Do More People File for Divorce at the Start of the Year?
Are you considering filing for a divorce? You’re not alone. January is often referred to as “Divorce Month,” and many lawyers report an increase in the number of people entering their offices at the start of each year. This is usually attributed to the stress of the holiday season as well as people wanting to “start fresh” in the new year.
If you feel like divorce could be the right decision for you – or if you want to explore your options – it's important that you understand what the divorce process in Texas entails and how a divorce attorney can help guide you through every stage of the process.
If you are considering divorce, keep reading for more answers to some frequently asked questions about the divorce process.
Do I Need Grounds for Divorce in Texas?
Although Texas is considered a no-fault divorce state, there are seven grounds for divorce established by the state, including insupportability, cruelty, adultery, felony conviction and imprisonment, abandonment, living apart, and mental hospital confinement. The grounds that are considered no-fault grounds are typically insupportability (the marriage cannot be sustained because of incompatibility) and separation (the couple has lived apart for at least three years).
To file for a no-fault divorce in Texas, you will need to:
- Meet the residency requirement of one or both spouses having resided in Texas for at least six months prior to filing and living in the county you plan to file for at least 90 days
- Be in agreement with your former partner on filing under insupportability or separation grounds
An uncontested divorce is sometimes confused or conflated with a no-fault divorce. To file for a no-fault divorce, you do not have to also have an uncontested divorce. Uncontested means that you and your former spouse agree on all aspects of your divorce settlement, and no matters require mediation, arbitration, or litigation. While it is unlikely that you will have an uncontested divorce if you file under fault grounds, no-fault filings are not a guarantee of an uncontested process.
Who Should File First? Does It Matter?
When it comes to divorce, one of the most common questions is whether it matters who files first. In Texas, no party will receive preferential treatment based on who filed first. That said, there may be benefits depending on the circumstances. Relatedly, there may also be advantages to being the respondent.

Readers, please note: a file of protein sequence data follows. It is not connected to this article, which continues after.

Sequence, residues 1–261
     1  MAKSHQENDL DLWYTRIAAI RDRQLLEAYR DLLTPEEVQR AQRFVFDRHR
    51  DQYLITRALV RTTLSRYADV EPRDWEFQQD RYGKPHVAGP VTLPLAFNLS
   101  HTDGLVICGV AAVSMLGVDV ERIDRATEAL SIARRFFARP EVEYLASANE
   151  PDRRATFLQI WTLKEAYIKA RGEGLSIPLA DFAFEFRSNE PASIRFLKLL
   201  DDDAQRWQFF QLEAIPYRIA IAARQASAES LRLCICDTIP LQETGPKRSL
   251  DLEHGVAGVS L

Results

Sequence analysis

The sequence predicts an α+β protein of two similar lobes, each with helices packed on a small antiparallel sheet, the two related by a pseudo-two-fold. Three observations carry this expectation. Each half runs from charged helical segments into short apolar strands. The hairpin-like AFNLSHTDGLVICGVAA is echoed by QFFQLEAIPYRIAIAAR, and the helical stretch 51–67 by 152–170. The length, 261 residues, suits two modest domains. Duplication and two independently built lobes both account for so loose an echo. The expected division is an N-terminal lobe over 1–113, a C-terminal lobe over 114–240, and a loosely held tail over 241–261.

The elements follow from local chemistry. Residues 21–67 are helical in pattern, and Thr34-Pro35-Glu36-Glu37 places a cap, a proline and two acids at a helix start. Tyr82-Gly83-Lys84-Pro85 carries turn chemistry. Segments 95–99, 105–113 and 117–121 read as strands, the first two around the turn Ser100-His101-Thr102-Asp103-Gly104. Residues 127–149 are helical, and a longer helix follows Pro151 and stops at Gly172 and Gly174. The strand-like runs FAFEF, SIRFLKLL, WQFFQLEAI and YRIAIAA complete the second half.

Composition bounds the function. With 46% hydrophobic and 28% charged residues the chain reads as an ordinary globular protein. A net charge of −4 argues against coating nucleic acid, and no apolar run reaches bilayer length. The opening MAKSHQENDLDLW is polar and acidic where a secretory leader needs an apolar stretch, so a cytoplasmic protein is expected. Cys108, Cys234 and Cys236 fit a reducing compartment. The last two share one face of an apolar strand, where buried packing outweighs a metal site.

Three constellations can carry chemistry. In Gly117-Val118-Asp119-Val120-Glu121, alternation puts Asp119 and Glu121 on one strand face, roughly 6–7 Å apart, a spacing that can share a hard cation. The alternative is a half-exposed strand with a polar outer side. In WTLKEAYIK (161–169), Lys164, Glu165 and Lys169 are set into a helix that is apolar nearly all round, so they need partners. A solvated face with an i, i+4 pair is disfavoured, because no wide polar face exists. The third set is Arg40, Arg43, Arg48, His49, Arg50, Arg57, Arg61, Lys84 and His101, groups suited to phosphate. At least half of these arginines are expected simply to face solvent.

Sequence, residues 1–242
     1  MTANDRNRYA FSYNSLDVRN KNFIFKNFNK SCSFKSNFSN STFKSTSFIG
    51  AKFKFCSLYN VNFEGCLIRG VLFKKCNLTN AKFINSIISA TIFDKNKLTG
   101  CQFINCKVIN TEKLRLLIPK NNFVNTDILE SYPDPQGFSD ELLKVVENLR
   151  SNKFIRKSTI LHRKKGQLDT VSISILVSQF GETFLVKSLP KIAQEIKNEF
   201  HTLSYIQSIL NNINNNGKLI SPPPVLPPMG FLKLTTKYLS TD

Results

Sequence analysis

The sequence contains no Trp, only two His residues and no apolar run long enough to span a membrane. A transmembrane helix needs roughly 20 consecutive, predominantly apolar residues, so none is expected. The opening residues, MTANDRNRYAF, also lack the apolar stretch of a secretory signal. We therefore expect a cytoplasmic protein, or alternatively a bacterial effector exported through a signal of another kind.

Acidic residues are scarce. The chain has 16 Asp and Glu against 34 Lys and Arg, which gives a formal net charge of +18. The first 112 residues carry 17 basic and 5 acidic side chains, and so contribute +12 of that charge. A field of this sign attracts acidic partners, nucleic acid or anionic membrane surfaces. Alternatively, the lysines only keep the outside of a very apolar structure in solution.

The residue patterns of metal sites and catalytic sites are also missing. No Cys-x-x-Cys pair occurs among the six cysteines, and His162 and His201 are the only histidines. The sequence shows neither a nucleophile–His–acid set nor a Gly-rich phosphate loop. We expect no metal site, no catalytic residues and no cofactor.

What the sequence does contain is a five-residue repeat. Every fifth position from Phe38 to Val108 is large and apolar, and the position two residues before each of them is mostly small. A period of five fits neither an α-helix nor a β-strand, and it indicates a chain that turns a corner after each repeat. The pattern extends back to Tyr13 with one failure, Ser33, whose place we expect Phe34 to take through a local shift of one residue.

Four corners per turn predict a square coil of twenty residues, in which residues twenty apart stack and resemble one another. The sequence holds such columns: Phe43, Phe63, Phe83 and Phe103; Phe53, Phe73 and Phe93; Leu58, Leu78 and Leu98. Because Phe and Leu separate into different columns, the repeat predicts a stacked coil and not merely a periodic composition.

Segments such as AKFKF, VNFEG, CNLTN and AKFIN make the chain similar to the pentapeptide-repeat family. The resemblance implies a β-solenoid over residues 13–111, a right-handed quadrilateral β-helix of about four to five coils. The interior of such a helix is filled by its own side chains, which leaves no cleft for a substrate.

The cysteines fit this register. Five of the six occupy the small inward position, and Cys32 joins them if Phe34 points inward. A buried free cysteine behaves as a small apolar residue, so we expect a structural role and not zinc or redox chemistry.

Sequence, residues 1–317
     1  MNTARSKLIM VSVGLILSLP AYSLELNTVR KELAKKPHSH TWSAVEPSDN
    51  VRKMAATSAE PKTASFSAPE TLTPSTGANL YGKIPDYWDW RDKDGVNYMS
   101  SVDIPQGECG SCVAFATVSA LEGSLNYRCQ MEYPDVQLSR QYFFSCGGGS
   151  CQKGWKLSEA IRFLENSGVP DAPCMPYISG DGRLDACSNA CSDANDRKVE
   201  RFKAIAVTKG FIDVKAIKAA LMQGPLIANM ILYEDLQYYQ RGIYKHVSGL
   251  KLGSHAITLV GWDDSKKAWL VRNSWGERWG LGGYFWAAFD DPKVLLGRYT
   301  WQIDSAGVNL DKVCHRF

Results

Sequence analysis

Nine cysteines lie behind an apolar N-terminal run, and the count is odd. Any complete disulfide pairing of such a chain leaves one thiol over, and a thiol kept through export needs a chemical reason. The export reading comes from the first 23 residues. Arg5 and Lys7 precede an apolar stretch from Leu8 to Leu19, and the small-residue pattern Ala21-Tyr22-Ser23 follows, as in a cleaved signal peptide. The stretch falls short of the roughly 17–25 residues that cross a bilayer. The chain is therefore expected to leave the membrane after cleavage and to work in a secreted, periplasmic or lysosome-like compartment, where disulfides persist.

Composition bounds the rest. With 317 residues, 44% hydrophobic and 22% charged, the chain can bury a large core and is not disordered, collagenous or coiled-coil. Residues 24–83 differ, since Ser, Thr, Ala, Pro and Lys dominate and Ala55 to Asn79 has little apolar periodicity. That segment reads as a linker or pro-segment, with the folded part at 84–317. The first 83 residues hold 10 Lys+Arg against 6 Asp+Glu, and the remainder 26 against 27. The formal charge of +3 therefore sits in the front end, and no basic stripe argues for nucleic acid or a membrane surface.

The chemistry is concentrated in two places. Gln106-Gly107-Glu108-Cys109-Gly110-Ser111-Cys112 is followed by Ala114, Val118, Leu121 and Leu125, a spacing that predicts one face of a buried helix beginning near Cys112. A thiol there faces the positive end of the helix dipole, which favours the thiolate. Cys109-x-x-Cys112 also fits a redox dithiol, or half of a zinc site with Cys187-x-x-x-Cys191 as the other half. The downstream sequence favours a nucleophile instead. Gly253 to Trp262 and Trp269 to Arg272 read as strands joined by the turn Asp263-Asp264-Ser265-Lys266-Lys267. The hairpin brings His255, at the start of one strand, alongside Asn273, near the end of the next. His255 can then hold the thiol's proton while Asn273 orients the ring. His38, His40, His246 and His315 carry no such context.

When filing divorce papers in Texas, the individual filing first is known as the petitioner, and their former partner is considered the respondent. The petitioner has certain advantages, like choosing which county to file divorce papers in if more than one option is available and potentially having the ability to pick the initial hearing date and speak first during hearings.
Ultimately, whether or not you decide to file papers first should be discussed with your legal representation before moving forward.
How Long Does the Divorce Process Take in Texas?
In Texas, the fastest your divorce case can be resolved after filing is 60 days. However, divorces that resolve this quickly are rare as couples typically have things they need to work out. Consequently, most divorces are completed in six months to a year. If your divorce is uncontested, it will likely be completed more quickly. Contested divorces tend to take longer, especially if the couple has a lot of issues to work out.
Do I Really Need a Divorce Lawyer?
While attempting to file for divorce on your own may seem like a viable option, and you are not required to have legal representation when filing, there are numerous advantages to hiring an experienced family attorney, like ours, at the Law Firm of Johnson & Gaskill PLLC. A qualified attorney can help you understand the complexities of Texas divorce laws, ensure that all paperwork is filed correctly, and represent your interests in court if necessary. Additionally, having legal representation can help protect your rights and give you a better chance of securing a favorable outcome while avoiding costly mistakes.
If you live in Texas and are considering divorce, reach out to our law firm today for guidance.